News Flash!

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Okay, I realize that I’m somewhat of a cheap date.

At 55 years old I’m impressed with cut & paste and TVs that can stop a program while you run to the bathroom. I’m amazed with long distance telephone service, let alone being able to SEE the person you’re speaking to (if you opt to use Skype.) I still remember the sense of wonder I had when IBM upgraded its Selectric typewriter to include an internal correction feature, which eliminated the need for cover-up tape and whiteout.

Wow.

So much has changed and advanced over the course of my lifetime. We truly are living in the technological revolution. 

amazon-dash-buttonsYesterday I was, once again, astounded by a new product. I don’t watch network television or buy magazines and newspapers, so most of the advertising I see is on the Internet. In case you haven’t heard of it yet, this little gem came up on my Facebook newsfeed and I wanted to share it with you.

They’re called the Amazon Dash Buttons.

Jeff Bezos and his software engineers have devised another way to retain current customers and attract new ones with the simple push of a button.

Forget shopping lists and strategically placed sticky notes. Now you can place a Dash Button near the item in question and when it runs low, simply push the button. It is connected to WiFi and automatically places an order with Amazon for that particular item. 

Genius.

Or is it Evil Genius?

The idea behind the Dash Buttons are to make shopping convenient and  increase Amazon’s bottom line. But, is there a downside? 

Mark Wilson wrote a piece for Fast Company that talks about the negative aspects, while the link above takes you to the Amazon page that details the advantages of this product. 

As is always the case in consumer affairs, you be the judge. Then let me know your thoughts in the comments section. I’m interested to hear if anyone has used this yet.


 

 

 

 

 

 

 

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7 thoughts on “News Flash!

  1. I love technology and while I can appreciate the concept my gut reaction to Dash Buttons is that it’s one more thing to keep us from using our brains and putting more money into the pockets of Amazon and manufacturers. However for those things which we do not waiver from, for me it’s Reynolds Wrap, Dawn Dishwashing Liquid, Bounty Paper Towels I can see how this could be beneficial.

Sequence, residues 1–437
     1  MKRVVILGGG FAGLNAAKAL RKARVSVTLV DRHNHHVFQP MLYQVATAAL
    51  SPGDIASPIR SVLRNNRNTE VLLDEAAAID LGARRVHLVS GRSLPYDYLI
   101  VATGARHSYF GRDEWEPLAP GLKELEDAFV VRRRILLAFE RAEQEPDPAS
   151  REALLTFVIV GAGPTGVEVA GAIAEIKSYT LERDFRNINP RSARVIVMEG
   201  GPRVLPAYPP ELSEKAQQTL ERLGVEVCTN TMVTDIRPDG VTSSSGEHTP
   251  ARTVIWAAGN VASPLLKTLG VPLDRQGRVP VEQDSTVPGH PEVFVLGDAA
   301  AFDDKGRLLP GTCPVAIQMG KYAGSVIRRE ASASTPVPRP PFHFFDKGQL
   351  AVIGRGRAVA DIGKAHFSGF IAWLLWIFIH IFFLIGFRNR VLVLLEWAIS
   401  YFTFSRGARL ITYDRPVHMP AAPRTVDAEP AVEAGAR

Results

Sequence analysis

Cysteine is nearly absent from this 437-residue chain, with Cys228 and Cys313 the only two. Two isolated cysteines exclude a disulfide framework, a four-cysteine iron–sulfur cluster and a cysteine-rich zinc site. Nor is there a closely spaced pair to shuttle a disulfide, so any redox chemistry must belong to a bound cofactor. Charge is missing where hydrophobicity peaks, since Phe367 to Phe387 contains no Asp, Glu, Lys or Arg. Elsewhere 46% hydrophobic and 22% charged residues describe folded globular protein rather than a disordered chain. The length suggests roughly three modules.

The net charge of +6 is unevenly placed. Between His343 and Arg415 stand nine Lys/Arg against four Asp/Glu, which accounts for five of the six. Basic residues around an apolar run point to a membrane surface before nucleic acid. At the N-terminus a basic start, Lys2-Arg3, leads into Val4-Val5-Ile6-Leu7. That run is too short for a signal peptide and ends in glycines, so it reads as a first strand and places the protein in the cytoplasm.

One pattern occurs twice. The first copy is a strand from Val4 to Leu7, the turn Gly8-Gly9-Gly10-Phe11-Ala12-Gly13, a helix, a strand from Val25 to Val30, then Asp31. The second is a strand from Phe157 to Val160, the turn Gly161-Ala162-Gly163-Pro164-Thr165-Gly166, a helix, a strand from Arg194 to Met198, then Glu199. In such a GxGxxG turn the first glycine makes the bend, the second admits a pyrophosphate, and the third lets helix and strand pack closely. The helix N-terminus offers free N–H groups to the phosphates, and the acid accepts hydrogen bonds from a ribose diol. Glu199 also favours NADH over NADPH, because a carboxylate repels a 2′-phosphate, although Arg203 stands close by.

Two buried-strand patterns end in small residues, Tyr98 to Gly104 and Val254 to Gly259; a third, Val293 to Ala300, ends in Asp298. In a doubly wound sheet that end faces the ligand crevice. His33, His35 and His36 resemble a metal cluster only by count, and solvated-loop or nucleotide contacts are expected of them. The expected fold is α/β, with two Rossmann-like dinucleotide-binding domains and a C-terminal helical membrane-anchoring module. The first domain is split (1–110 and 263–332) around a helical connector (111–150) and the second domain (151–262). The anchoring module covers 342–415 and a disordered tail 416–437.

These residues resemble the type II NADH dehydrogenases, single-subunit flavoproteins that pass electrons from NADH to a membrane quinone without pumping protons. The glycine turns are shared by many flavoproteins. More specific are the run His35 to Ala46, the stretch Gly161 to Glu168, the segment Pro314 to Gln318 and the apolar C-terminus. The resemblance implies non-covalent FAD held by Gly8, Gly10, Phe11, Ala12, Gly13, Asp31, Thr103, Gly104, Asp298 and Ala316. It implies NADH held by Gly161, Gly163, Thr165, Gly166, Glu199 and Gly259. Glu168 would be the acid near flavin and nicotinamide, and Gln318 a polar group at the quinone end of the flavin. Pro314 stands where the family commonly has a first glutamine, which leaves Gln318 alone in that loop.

Liked by 1 person

  2. As a consumer, I have reservations: it ties you into a specific vendor, which may not offer the lowest price. However, for certain groups of people it makes a lot of sense — those who lack the time to shop, or the ability to shop independently. I’m thinking of harried people with demanding jobs or childcare responsibilities, college students and elderly people who don’t drive any more.

    Liked by 1 person

  3. Another problem with it is that you can’t tell by looking at it if you’ve pushed the button or not. I’d probably end up ordering duplicates because I’d press the button, then forget I pressed it, and press it again a day or two later before the stuff had arrived.

    I also want to decrease the amount of ordering from Amazon that I do. Ever since this article came out last year I’ve been thinking that we need to decrease the influence that company has on our lives:
    http://www.nytimes.com/2015/08/16/technology/inside-amazon-wrestling-big-ideas-in-a-bruising-workplace.html

    Liked by 1 person

    • Great observation and article. It’s a reminder that there’s a price for all the convenience that they and we tell ourselves that we “need.” Thanks for enlightening me!

      Liked by 1 person

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